If Net Nonneutrality turns into disaster, we can reverse it

Chip Somodevilla/Getty ImagesFederal Communication Commission Chairman Ajit Pai participates in a discussion about his accomplishments at The American Enterprise Institute for Public Policy Research May 5, 2017 in Washington, DC.
  • People have overstated the potential implications of the FCC’s decision to roll back network neutrality rules.
  • The existing net neutrality scheme dates only to 2015.
  • If the same standard is applied to firms that have applied to AT&T, some of the most glaring potential abuses of network nonneutrality would be in position to be well-policed.

I think people have, in general, been speaking with excessive confidence about what will happen as a result of the FCC’s decision to roll back network neutrality rules for broadband.*

The existing net neutrality scheme dates only to 2015, and as Tyler Cowen put it last month, “few users seemed to care or notice” as regulations were repeatedly changed amid disputes in the courts.

I would note, in most industries, we allow companies to define their services and price as they see fit, and we let consumers impose discipline by choosing the providers they think offer a good deal. We give companies this flexibility because a free market tends to produce better products and services than one where the government sets the rules.

It is possible, as Cowen argues, that the freedom to charge extra to bandwidth-intensive content providers will allow internet service providers to raise extra revenue they will need to upgrade broadband networks for future needs.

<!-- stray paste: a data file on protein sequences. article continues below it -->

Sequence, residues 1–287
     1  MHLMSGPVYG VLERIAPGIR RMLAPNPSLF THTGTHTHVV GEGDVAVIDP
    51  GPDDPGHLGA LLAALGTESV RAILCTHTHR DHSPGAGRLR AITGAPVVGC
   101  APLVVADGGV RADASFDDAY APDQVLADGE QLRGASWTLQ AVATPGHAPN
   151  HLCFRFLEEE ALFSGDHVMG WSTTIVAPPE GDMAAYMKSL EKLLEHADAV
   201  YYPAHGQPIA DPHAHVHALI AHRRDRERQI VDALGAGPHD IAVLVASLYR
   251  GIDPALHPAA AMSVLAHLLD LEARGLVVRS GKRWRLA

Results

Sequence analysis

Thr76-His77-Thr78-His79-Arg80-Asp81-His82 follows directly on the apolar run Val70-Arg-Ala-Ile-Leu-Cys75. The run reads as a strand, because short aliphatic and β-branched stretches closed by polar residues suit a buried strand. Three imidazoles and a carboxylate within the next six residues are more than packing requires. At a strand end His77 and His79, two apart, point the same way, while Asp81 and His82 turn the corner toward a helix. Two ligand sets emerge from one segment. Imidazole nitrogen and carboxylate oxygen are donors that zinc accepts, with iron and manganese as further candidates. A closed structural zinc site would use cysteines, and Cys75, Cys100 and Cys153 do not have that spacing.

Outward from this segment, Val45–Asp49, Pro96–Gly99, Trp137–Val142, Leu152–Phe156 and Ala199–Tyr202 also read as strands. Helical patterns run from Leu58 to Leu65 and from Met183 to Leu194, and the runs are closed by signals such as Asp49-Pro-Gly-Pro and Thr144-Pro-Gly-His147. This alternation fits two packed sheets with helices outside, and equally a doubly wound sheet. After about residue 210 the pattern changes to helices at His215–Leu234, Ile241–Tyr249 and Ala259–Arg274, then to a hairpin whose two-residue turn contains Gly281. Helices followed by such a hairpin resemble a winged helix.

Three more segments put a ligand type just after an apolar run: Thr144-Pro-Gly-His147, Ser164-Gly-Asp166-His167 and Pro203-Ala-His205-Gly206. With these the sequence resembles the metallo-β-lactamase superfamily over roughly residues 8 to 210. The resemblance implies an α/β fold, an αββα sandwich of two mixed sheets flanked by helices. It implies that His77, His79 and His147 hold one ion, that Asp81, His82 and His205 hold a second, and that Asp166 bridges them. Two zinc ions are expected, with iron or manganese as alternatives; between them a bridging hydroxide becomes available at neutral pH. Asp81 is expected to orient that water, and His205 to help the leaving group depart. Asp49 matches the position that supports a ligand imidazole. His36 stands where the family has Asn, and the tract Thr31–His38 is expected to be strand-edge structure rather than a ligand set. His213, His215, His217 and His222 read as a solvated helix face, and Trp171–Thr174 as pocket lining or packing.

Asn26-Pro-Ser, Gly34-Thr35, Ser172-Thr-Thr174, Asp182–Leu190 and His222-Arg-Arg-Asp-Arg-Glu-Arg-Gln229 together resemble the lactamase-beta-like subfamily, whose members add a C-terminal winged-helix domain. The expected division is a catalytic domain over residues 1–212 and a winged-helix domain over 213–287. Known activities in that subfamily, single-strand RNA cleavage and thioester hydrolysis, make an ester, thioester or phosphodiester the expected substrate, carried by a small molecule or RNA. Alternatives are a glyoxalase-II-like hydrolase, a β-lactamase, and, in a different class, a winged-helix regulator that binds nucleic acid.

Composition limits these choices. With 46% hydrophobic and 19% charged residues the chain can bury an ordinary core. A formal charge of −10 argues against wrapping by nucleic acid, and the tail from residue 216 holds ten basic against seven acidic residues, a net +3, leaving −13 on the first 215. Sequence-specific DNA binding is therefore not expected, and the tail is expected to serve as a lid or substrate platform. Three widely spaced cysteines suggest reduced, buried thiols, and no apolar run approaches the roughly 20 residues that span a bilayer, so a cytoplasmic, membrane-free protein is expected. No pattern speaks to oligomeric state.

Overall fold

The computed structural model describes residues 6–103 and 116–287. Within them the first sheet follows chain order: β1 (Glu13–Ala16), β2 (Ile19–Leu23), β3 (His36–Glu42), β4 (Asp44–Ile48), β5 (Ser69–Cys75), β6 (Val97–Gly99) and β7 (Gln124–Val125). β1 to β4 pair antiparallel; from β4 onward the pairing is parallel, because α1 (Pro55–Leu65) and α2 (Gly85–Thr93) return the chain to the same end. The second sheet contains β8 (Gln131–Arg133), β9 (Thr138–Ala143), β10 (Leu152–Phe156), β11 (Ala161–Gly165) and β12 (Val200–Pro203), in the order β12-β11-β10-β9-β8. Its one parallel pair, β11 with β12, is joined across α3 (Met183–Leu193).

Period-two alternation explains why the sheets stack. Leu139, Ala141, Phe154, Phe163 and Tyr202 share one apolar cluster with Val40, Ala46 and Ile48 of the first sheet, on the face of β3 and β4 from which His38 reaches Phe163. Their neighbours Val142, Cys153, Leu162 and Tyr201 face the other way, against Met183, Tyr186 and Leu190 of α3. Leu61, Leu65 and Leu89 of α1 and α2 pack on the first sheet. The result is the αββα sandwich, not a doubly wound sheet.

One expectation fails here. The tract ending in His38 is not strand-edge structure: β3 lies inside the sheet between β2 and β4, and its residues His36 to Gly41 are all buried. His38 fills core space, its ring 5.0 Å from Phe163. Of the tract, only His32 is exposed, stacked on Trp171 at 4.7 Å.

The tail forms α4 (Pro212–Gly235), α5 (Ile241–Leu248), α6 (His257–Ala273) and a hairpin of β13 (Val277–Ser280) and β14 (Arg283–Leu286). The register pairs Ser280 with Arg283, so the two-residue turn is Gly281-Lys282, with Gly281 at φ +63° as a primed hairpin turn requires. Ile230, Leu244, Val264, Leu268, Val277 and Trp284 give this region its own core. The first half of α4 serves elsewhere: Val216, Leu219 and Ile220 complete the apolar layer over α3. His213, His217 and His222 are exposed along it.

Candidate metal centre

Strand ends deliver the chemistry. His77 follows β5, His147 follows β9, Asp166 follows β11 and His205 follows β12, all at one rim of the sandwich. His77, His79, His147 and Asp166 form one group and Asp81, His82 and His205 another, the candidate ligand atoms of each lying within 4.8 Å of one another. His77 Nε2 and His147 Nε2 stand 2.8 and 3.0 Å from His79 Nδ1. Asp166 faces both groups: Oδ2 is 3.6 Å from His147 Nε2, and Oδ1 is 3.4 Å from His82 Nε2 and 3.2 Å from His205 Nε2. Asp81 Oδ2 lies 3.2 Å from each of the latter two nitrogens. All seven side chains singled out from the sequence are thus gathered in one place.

It is also possible that internet service providers will combine this added flexibility with their market power to squeeze extra revenue out of captive content providers and consumers, without providing improved service. While there is a competitive market for wireless data (and the federal government has wisely blocked recent efforts by wireless providers to merge), many wired providers have near-monopoly positions they could exploit.

And it is also possible that vertically-integrated companies that own both broadband lines and content will use their control of speeds in the pipes to prefer their own content.

I think this is the most serious concern, which is why I weakly favoured leaving the net neutrality rules in place. But I would hope the Department of Justice and the Federal Trade Commission would restrict such practices as a part of broader antitrust enforcement, despite the FCC’s new position.

This isn’t a theoretical initiative for DOJ, which is currently seeking to block the merger of AT&T and Time Warner on the grounds that they might abuse the market position that vertical integration would afford them.

Of course, President Donald Trump may be fixated on Time Warner for other reasons. But if DOJ and the FTC apply the same standard to other firms that they have applied to AT&T, they would be well positioned to police some of the most likely abuses of network nonneutrality.

We’ll see how this works. Some of the scenarios that seem to have driven the most emotional complaints about network nonneutrality – particularly, the idea that ISPs will start blocking sites that don’t pay for delivery – strike me as very unlikely to come to pass, since they would greatly annoy consumers and were not common before this regulation went into place in 2015.

But if that happens, there will be a political outcry, and lawmakers can fix the problem through new rules. As the repeated changes to net neutrality rules over the last decade show, no regime has to be final and fixed.

* Disclosure: Since I am writing about telecommunications, I should note that I am a paid contributor to MSNBC and NBC News, which are owned by Comcast, which is a major internet service provider. NBC exercises no editorial oversight over my writing for Business Insider.

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